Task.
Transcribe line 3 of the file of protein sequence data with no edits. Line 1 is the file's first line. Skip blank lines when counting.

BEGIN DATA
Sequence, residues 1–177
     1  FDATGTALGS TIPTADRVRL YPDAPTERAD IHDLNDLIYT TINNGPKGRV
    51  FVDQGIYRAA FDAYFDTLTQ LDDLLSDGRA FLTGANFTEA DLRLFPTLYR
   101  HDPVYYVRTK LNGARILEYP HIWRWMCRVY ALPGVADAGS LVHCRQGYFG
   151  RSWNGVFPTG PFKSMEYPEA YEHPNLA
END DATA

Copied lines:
    51  FVDQGIYRAA FDAYFDTLTQ LDDLLSDGRA FLTGANFTEA DLRLFPTLYR